- Use a strong and unique password for your Amazon account. Don’t reuse passwords across different websites or services. Amazon also recommends using a password manager to generate and store strong passwords.
- Enable two-factor authentication (2FA) on your Amazon account. Amazon will send you a code via text message or the Amazon Authenticator app whenever you try to log in from a new device. This makes it much harder for hackers to gain access to your account, even if they have your password.
- Keep your antivirus software and operating system up to date. Amazon recommends installing all available updates for your operating system and any updates for your Amazon-related apps.
By taking these steps, an Amazon phishing email won’t create havoc with your account, and you’ll stay safe while shopping online.
Amazon Will Never Ask for Sensitive Information
Like any other reputable organization, Amazon won’t ever have its representatives asking for your account password, complete credit card information (like CVV and expiration date), or demand your security question and answer.
If you are asked to disclose such information, whether through an email or phone call, it’s most likely a scam.
When in doubt, take a moment to call Amazon’s customer support line to check if the request is legitimate or report an Amazon phishing attempt if it’s not.
Amazon emails need to end with @amazon.com. However, more sophisticated hackers can spoof the email address, meaning it may look like it came from Amazon when it didn’t.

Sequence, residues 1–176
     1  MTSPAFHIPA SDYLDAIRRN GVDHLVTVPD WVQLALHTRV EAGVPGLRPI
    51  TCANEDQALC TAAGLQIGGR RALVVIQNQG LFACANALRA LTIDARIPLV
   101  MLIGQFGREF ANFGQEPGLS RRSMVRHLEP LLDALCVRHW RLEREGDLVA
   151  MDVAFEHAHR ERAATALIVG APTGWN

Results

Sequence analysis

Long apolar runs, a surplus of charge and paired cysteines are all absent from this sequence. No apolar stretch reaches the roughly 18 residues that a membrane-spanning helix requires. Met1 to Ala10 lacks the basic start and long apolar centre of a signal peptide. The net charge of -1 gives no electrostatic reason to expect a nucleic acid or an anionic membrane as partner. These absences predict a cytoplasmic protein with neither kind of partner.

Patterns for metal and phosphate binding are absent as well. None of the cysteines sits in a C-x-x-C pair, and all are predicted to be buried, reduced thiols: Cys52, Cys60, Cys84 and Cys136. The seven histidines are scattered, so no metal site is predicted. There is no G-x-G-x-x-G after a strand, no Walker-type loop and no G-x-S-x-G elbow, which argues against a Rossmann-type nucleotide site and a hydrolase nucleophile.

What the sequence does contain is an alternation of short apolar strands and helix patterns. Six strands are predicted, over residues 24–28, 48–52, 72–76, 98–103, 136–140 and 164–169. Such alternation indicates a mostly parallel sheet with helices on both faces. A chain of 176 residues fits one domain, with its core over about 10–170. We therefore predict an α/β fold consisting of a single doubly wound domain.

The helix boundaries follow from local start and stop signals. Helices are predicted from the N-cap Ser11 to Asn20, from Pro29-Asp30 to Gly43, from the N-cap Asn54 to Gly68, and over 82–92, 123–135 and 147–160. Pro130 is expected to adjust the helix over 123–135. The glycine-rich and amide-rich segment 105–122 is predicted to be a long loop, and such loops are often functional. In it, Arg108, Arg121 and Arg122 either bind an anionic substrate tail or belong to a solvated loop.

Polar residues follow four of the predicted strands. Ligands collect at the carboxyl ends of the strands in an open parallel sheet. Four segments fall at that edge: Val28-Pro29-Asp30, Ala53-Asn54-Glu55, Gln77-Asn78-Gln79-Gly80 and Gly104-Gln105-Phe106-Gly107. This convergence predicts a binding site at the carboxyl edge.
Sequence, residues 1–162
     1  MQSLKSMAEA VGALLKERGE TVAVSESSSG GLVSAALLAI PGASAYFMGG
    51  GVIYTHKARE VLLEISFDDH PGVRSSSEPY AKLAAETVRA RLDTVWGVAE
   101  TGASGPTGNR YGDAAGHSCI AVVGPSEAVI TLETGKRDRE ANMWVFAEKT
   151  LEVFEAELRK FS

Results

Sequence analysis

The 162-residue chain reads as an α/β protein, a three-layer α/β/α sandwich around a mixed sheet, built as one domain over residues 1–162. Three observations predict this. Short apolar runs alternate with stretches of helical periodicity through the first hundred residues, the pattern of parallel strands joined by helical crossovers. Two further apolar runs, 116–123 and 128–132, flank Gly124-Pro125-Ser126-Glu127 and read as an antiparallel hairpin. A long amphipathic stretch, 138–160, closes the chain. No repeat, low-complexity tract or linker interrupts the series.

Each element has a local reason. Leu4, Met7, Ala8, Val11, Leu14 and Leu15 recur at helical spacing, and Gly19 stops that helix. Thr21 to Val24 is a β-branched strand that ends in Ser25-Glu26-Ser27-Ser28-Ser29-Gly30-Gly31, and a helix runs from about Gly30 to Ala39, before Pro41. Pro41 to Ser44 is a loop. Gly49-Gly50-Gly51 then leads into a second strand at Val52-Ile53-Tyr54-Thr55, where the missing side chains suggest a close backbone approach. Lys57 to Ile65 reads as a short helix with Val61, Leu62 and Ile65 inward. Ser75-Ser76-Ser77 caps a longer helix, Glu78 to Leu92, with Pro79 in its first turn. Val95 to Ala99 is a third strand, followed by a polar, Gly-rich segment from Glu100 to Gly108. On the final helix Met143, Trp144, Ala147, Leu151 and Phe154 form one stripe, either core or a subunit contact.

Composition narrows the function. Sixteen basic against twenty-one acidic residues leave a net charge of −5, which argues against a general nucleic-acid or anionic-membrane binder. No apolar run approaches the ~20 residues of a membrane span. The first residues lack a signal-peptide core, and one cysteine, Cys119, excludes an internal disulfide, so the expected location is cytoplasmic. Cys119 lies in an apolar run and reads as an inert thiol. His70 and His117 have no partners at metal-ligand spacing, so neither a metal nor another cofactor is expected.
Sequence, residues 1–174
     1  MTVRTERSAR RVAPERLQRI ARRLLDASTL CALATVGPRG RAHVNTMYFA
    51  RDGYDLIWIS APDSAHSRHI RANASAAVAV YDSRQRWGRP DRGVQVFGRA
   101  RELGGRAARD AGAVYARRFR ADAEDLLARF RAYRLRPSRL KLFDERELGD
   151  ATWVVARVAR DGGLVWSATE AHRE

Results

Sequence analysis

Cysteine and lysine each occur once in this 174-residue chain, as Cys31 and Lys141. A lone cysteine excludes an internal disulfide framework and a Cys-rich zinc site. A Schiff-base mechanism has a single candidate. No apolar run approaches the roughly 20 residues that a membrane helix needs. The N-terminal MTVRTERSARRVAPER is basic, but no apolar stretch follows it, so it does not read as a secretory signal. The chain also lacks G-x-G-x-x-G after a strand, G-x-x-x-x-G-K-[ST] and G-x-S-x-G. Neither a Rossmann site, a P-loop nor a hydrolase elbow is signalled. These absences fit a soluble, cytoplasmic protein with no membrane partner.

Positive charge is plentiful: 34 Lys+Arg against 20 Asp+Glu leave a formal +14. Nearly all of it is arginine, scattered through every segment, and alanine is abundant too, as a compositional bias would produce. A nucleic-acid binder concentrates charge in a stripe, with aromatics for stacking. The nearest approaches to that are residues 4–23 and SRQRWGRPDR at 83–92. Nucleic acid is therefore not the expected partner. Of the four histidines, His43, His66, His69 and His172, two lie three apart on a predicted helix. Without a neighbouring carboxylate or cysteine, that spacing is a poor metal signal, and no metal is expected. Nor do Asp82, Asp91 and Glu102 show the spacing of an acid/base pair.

The best course of action is to check the email header to see where the email came from. If you are still in doubt, you can always contact the Amazon fraud department directly and check if the request came from them. If it didn’t, make sure to report it.
Clicking on Links or Unsubscribing
The goal of phishing emails is to get you to take action that will compromise your device, account, or personal information. If you check emails on your computer, you can always see if the address leads you towards the intended destination by hovering your cursor over URL links. Most modern browsers will show you the link in the bottom left-hand corner of the window.
It may be more difficult to tell where the link takes you if you’re on your mobile phone. In general, if an email looks suspicious, it’s best not to click on any links or unsubscribe from any mailing lists. Instead, report the email to Amazon.
If you happen to catch an email supposedly from Amazon in your spam folder, that’s because the email’s spam filters are working as intended – to stop spoofing Amazon’s email. Phishing attempts or suspicious emails are likely to end up in spam.
However, some disagree with the automated spam filtration process and decide to follow the email instructions. If you do this, you risk revealing financial information or downloading malicious software.
How to Report Amazon Phishing Email
If you received a phishing email purporting to be from Amazon, you should first log in to Amazon’s website. From there, access the security section and look for the ‘report phishing’ option. This will allow you to access Amazon fraud reporting and directly contact the security team, so they can begin investigating the issue.
In your report, be sure to include as much information as possible. Offer details about the suspected phishing email, including its subject line, sender address, and any other tidbits of information that you think might be relevant. It’s also a good idea to take screenshots or print out copies of the email itself so that Amazon has all of the necessary information at its disposal.
Once you report phishing to Amazon, it will be reviewed by an Amazon security team member. They may follow up with you directly if they have any further questions or need additional information, but in most cases, you will not hear back from them after submitting your initial report. Regardless, it is critical that you take action right away if you suspect that you have received a phishing email from Amazon. Reporting such emails is the best way to expose the perpetrators.